The Deductive Argument from Evil
THE SO-CALLED PROBLEM OF EVIL can be posed in both an inductive and a deductive form. In his inductive argument from evil the atheologian 1 contends that the variety and profusion of evil found in our world, though not logically inconsistent with God's existence, make it improbable or unlikely that God exists. For example, Hume writes,
. . . [A]s [God's] goodness is not antecedently established, but must be inferred from the phenomena, there can be no grounds for such an inference, while there are so many ills in the universe, and while these ills might so easily have been remedied. . . . The bad appearances . . . may be compatible with such attributes as you suppose. But surely they can never prove these attributes. . . . However consistent the world may be . . . with the idea of such a Deity, it can never afford us an inference concerning his existence. The consistency is not absolutely denied, only the inference. 2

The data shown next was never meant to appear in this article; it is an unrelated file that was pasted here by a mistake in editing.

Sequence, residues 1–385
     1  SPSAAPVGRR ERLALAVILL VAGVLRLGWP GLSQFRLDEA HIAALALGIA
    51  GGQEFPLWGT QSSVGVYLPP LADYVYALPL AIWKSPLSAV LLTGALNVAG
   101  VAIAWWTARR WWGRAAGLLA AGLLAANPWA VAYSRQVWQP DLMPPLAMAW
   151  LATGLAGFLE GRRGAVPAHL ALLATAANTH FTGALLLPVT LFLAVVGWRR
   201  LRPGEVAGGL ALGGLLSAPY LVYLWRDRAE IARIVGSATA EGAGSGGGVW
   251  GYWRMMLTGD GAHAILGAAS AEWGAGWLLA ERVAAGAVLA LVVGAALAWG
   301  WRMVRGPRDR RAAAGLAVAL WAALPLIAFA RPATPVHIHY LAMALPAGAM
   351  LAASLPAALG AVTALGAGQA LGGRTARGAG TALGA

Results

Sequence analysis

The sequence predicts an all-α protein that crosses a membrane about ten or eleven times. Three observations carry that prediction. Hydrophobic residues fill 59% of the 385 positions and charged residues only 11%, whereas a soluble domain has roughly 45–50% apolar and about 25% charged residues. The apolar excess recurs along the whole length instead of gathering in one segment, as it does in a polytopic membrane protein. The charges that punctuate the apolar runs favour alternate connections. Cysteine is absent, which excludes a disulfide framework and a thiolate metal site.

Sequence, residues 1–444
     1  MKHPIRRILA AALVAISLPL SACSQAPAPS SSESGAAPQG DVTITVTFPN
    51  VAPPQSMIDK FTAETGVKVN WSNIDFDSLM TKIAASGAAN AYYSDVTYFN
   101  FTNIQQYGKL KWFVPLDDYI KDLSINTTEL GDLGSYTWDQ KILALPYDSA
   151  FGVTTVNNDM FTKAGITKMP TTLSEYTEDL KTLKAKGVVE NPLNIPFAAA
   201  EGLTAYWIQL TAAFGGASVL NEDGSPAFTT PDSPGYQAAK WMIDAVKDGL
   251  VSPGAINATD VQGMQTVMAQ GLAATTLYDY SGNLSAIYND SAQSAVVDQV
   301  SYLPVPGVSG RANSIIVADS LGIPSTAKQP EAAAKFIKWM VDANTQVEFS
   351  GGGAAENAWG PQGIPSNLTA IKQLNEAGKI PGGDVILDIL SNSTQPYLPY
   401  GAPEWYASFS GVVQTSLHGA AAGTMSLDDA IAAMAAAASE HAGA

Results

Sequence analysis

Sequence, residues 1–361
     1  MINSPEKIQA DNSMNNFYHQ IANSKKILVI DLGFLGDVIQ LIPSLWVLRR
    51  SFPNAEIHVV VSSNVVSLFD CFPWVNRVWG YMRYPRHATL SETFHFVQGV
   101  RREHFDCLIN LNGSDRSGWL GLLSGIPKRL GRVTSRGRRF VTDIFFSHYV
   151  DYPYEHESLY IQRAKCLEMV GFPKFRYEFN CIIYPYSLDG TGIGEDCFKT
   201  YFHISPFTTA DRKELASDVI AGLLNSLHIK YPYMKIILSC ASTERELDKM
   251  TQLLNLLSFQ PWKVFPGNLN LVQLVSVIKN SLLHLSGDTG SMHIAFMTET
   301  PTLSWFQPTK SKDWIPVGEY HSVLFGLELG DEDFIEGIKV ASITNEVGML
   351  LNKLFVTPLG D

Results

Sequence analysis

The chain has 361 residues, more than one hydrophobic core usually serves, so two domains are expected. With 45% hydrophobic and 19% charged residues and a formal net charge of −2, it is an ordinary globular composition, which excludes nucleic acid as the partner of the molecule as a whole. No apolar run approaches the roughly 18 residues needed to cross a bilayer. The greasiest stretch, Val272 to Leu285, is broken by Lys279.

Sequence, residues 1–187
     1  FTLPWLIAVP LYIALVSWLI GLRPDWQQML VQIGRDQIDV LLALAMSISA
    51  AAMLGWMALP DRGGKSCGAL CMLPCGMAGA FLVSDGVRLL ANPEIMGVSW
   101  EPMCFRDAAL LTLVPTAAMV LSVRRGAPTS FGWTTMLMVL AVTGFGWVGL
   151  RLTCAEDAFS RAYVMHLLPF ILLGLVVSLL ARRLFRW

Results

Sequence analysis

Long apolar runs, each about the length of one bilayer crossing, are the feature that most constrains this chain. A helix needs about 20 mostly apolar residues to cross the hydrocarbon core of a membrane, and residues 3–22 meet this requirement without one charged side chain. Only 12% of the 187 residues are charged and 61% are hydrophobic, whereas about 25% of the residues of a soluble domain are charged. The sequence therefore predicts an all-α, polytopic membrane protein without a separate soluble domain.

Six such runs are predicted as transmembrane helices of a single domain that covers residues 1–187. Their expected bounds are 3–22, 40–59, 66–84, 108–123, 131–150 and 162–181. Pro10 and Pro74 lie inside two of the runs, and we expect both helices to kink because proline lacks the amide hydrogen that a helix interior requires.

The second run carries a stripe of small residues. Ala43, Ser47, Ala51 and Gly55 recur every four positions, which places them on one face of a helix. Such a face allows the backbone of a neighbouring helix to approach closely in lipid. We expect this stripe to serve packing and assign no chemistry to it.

We shall consider this argument in the next chapter.
In his deductive argument from evil, the atheologian maintains that the existence of evil per se is logically inconsistent with the existence of a good, omnipotent, omniscient God. Flew writes, "The issue is whether to assert at the same time first that there is an infinitely good God, second that he is an all-powerful Creator, and third that there are evils in his universe, is to contradict yourself." 3 Flew affirms that it is.
Whereas in the inductive argument the amount, intensity, and variety of evils actually occurring in the world are